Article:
Israeli official drops threat to arrest Palestinian peace delegates Members had met Arafat in Jordan

June 22, 1992|By Doug Struck | Doug Struck,Jerusalem Bureau

JERUSALEM -- The Israeli police minister has backed off his threat to arrest members of the Palestinian delegation to the peace talks, a move that could have paralyzed the negotiations.

Police Minister Ronni Milo had announced Friday that he would immediately arrest top members of the delegation when they returned to Israel from a meeting in Amman, Jordan, with the chairman of the Palestine Liberation Organization. Such meetings violate Israeli law.

But a spokeswoman for Mr. Milo said yesterday that the delegates would not be arrested but would be asked to come to a police station for questioning.

The matter "will be investigated, and police will decide whether to charge" the members of the delegation, said the spokeswoman, Tami Paul-Cohen.

The same procedure has been used to sidestep the problem after previous meetings between Palestinian delegates and the PLO. Such investigations have not resulted in charges against the Palestinians, a move that could provoke an international outcry.

The Palestinian delegates have been increasingly visible in their meetings with the PLO on their frequent trips outside Israel. Last Thursday in Amman, they invited photographers to record their meeting with PLO Chairman Yasser Arafat.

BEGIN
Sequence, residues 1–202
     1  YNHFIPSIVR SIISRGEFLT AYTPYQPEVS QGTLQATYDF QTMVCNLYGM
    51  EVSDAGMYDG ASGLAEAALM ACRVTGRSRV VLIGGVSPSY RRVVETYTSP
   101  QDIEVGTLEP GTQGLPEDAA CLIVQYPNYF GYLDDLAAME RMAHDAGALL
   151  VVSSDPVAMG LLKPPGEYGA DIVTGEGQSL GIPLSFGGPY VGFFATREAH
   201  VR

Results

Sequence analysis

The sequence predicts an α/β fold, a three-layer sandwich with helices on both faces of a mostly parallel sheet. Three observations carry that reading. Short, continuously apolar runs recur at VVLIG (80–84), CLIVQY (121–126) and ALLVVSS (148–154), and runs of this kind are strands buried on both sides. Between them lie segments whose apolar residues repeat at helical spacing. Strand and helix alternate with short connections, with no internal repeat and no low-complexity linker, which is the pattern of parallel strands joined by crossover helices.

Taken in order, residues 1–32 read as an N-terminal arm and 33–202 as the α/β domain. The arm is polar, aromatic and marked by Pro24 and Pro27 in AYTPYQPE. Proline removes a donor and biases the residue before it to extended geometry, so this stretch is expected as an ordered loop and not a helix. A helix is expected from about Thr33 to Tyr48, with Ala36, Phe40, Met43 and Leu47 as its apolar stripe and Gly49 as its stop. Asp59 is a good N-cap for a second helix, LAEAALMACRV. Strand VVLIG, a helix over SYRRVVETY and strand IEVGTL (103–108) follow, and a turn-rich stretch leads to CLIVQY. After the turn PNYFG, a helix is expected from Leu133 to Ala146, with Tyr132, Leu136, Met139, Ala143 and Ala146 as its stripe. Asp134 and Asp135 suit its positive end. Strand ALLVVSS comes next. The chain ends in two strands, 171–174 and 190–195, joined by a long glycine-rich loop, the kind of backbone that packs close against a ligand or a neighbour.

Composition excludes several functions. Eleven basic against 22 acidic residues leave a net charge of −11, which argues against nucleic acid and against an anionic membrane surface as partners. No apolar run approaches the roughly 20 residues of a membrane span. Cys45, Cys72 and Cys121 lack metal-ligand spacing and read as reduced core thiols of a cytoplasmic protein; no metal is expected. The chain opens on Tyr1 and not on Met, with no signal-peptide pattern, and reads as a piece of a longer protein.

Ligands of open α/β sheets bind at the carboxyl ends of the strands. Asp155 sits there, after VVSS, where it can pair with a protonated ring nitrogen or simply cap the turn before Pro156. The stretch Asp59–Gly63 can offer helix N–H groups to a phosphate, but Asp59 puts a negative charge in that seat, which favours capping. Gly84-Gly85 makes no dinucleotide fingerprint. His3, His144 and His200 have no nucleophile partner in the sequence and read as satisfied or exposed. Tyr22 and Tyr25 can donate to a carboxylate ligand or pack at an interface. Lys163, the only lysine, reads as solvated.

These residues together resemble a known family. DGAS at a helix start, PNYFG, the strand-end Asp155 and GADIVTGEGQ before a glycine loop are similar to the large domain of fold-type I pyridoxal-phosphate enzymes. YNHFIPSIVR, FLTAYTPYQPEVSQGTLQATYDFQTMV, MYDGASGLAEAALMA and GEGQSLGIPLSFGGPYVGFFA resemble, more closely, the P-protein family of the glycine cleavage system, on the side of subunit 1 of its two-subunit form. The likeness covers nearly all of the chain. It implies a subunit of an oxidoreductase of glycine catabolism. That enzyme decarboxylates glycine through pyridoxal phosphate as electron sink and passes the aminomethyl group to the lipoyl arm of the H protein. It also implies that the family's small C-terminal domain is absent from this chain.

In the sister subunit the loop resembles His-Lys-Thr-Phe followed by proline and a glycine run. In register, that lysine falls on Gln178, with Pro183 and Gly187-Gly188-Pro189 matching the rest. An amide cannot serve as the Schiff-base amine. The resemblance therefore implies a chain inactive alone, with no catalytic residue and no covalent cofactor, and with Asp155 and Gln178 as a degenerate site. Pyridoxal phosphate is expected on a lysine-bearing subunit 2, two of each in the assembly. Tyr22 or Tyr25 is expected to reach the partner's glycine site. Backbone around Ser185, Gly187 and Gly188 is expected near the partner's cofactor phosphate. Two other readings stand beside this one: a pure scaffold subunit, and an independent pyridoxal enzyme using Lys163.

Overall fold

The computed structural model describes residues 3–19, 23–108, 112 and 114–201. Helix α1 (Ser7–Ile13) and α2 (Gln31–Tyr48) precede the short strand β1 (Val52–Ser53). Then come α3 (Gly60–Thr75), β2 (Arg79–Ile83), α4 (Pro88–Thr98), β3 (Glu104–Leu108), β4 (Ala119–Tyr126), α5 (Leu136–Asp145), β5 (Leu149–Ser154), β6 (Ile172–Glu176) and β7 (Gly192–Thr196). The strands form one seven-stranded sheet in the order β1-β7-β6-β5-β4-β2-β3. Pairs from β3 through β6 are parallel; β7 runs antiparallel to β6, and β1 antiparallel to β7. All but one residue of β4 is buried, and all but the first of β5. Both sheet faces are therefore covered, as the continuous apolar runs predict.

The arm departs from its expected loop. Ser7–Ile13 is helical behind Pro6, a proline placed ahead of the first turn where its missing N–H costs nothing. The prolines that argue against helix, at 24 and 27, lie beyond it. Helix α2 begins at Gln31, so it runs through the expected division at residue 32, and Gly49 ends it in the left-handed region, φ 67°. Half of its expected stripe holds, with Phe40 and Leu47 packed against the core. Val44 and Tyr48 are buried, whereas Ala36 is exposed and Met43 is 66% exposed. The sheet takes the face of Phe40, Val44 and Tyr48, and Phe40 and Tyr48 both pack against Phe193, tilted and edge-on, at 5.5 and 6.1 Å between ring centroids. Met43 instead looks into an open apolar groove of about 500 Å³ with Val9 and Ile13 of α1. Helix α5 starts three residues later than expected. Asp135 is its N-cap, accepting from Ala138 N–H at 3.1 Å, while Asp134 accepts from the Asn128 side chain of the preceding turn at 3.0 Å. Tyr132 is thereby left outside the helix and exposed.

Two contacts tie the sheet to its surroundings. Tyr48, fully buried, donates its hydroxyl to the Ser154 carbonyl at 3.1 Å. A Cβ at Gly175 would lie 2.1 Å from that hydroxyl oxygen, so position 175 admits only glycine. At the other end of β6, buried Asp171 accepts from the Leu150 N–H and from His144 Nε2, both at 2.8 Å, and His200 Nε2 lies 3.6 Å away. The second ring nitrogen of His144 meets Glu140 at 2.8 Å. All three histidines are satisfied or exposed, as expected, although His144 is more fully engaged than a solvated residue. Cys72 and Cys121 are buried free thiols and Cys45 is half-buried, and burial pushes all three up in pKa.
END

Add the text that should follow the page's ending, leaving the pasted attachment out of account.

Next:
Israeli newspapers showed pictures of Mr. Arafat embracing the spokeswoman of the Palestinian delegation, Hanan Ashrawi, in the company of the chief negotiator, Haider Abdel-Shafi, and the head of the delegation, Faisal al-Husseini.

The move was seen as an attempt to embarrass the Likud-led government of Yitzhak Shamir before Israel's national elections tomorrow. Mr. Shamir has claimed that he is not negotiating with the PLO, although the Palestinian delegates have openly said that they take their orders from Mr. Arafat.

The Palestinians' maneuver was criticized as "irresponsible" by U.S. officials in Washington and by the U.S. ambassador here.

Israel appeared satisfied with that, and Mr. Shamir repeated over the weekend that "the PLO will not be a party to the peace negotiations. Israel would walk out." He told a Cabinet meeting yesterday that the delegates will be investigated "just like any other citizen."

The Palestinian delegates delayed their return from Amman and may not re-enter Israeli-occupied territories until after tomorrow's election.

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